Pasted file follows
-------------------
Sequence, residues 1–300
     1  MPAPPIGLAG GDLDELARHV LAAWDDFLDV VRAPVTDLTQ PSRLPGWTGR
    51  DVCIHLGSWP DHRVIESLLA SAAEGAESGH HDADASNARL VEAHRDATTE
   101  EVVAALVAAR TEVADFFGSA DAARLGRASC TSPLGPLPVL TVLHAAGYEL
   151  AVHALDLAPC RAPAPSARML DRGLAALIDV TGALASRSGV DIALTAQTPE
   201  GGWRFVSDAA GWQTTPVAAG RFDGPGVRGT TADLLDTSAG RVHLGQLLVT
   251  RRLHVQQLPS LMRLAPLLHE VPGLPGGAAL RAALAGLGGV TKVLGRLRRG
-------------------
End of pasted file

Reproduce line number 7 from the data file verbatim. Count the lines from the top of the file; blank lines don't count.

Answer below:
   251  RRLHVQQLPS LMRLAPLLHE VPGLPGGAAL RAALAGLGGV TKVLGRLRRG